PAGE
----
Peninah Benjamin Kruttschnitt died on April 18, 1903, at her son Ernest’s home, according to her obituary in the Times Picayune. Remarkably, the stately residence at 1423 First Street is still standing, and it’s in very good condition.
In fact, the eclectic house, with its Classical columns and Palladian windows, is one of the most beautiful on its block in the Garden District of New Orleans. On this particular day, tourists with guide books paused to view its splendor, as they probably headed down the street to see author Ann Rice’s house at 1239 First Street.
Peninah was the wife of Johannes Kruttschnitt and the mother of John and Ernest Kruttschnitt. She was also the youngest sister of Judah P. Benjamin, who wrote several historically important letters to her when he was living and working in England after the Civil War. She is my third great grandmother.
Peninah was born in Charleston, S.C., on October 18, 1824. She came to New Orleans in 1847 with her mother, Rebecca DeMendes, to live at Judah P. Benjamin’s Bellechasse Mansion. She met Johannes Kruttschnitt the next year and they married.
The couple probably had five children. Their first child, Nathalie Lucia Kruttschnitt, apparently died at 17 months in 1850. She is buried in the Dispersed of Judah cemetery in the same plot as Peninah’s mother, Rebecca, who died in 1847, and her uncle, Jacob Levy, who died in 1850.
Peninah’s oldest child, Ernest (1852-1906), was a prominent New Orleans lawyer who served for a long time as chariman of the Democratic State Central Committee and was president of the New Orleans public school system for 13 years. Her next son, Julius (1854-1925), famously rose to become chairman of the Southern and Pacific Railroad.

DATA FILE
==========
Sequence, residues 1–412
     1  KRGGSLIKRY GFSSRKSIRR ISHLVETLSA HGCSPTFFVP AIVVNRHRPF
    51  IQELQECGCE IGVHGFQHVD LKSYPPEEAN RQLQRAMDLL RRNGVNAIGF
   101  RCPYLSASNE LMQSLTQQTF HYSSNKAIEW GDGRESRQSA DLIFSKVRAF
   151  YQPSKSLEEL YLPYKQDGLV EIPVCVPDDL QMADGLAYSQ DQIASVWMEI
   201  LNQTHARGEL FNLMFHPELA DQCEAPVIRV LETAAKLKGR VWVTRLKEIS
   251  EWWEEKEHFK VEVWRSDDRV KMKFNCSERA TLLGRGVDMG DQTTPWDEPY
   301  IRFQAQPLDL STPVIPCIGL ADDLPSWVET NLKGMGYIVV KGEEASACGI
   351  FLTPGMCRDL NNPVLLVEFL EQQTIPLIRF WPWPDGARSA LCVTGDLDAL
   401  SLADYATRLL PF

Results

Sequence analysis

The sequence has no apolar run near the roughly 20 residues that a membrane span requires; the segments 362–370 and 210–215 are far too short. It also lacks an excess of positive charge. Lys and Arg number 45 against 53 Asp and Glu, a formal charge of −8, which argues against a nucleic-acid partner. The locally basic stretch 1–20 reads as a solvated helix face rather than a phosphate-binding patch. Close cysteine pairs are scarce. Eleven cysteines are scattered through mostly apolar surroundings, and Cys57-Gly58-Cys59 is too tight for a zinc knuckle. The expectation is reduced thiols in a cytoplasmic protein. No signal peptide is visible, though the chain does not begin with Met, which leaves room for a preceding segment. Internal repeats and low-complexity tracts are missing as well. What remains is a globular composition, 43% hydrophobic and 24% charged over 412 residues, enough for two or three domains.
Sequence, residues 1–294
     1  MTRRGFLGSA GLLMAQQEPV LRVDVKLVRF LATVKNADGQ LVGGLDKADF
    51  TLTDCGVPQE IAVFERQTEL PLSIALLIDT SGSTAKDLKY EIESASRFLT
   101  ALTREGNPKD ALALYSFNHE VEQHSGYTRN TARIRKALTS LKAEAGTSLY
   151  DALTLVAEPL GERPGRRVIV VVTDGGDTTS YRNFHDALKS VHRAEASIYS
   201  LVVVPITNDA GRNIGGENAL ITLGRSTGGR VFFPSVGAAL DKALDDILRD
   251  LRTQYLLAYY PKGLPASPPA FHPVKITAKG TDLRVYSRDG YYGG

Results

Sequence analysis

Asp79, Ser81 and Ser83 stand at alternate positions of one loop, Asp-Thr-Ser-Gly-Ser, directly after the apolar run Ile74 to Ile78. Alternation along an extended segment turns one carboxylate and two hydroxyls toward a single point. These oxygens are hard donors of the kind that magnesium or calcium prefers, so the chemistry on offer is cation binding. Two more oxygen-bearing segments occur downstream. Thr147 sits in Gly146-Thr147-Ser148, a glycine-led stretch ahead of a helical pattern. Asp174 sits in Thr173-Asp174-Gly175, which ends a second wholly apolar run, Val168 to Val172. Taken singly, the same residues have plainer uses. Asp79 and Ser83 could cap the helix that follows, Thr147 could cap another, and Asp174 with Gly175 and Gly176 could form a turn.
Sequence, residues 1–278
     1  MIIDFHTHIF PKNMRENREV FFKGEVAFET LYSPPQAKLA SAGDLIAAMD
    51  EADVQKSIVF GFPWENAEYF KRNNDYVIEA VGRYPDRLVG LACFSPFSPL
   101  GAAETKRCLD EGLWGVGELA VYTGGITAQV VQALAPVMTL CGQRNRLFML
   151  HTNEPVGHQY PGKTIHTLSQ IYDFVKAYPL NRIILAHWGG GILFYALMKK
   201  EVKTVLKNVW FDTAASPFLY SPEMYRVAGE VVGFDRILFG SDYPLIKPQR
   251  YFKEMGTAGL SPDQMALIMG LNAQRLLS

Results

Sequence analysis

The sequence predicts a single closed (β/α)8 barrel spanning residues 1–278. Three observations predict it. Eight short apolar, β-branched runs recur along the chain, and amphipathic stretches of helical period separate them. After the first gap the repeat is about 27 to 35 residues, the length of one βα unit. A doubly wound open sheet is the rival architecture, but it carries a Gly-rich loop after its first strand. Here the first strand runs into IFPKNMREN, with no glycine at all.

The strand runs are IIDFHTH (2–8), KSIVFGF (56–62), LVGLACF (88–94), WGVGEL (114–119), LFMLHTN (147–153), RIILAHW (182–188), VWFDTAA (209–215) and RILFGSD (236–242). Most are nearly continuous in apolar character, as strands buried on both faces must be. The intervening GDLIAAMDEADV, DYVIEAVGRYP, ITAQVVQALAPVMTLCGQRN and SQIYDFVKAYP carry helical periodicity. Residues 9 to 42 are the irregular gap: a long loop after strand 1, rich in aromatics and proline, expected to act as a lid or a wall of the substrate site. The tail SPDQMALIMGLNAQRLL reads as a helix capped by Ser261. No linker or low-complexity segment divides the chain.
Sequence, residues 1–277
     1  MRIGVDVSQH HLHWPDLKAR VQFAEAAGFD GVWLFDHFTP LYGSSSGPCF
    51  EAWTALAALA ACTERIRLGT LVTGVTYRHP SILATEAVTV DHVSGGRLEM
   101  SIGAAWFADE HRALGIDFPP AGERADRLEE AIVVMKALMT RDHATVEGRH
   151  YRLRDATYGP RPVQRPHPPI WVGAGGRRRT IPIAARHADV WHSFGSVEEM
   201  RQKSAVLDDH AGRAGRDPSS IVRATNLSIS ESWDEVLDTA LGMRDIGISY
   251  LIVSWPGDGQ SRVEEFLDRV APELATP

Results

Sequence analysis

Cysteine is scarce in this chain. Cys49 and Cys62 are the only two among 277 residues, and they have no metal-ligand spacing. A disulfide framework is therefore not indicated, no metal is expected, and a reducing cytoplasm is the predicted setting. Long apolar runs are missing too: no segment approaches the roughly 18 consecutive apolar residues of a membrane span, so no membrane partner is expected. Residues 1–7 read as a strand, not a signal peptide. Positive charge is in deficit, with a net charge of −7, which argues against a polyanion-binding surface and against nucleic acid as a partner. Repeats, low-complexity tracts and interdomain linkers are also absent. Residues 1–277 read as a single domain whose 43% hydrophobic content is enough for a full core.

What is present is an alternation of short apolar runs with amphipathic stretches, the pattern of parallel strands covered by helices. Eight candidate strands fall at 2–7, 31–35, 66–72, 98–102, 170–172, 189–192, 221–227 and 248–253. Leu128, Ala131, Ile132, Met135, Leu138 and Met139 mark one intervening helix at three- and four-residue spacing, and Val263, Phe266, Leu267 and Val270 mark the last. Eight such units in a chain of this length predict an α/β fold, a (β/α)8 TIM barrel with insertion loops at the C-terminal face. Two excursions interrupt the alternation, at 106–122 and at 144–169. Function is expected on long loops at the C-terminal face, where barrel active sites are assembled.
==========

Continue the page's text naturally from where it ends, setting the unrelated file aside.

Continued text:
Her oldest daughter, Rebecca DeMendes Kruttschnitt (1856-1877), died in childbirth along with her baby, a year after her marriage. Rebecca attended the Sylvester Learned Institute for Young Ladies, graduating in 1873. She married Mortimer Norton Wisdom, a prominent figure in Louisiana state politics, on April 6, 1876. Eugenia Kruttschnitt was born in 1859 and died in 1936 in New York. She married Joseph P. Blair. Peninah’s youngest daughter, Alma (1863-1942), never married, though she served as queen of the Mardi Gras in 1896.
Very little has been written about Peninah. She is described in her son Ernest’s obituary as a woman of “exceptional attainment,” who schooled her children, with the help of a tutor. She is described as a “noble woman” who inspired Ernest “from his infancy with all the higher ideals and ambitions of his life and reared him in an atmosphere of refinement, culture, and all that was pure and good.”
Peninah’s mother, Rebecca DeMendes, who was also noted for her intellect, separated from her husband in 1838, when Peninah was 14.
After his mother died, Ernest started building a new home. When he tragically died a few years later, he was living in that home, at 1539 Fourth Street, close to St. Charles Street. It’s not in great shape. It looks like it may have been carved up into apartments. A Tudor-style roof looks to have been dropped on at some point.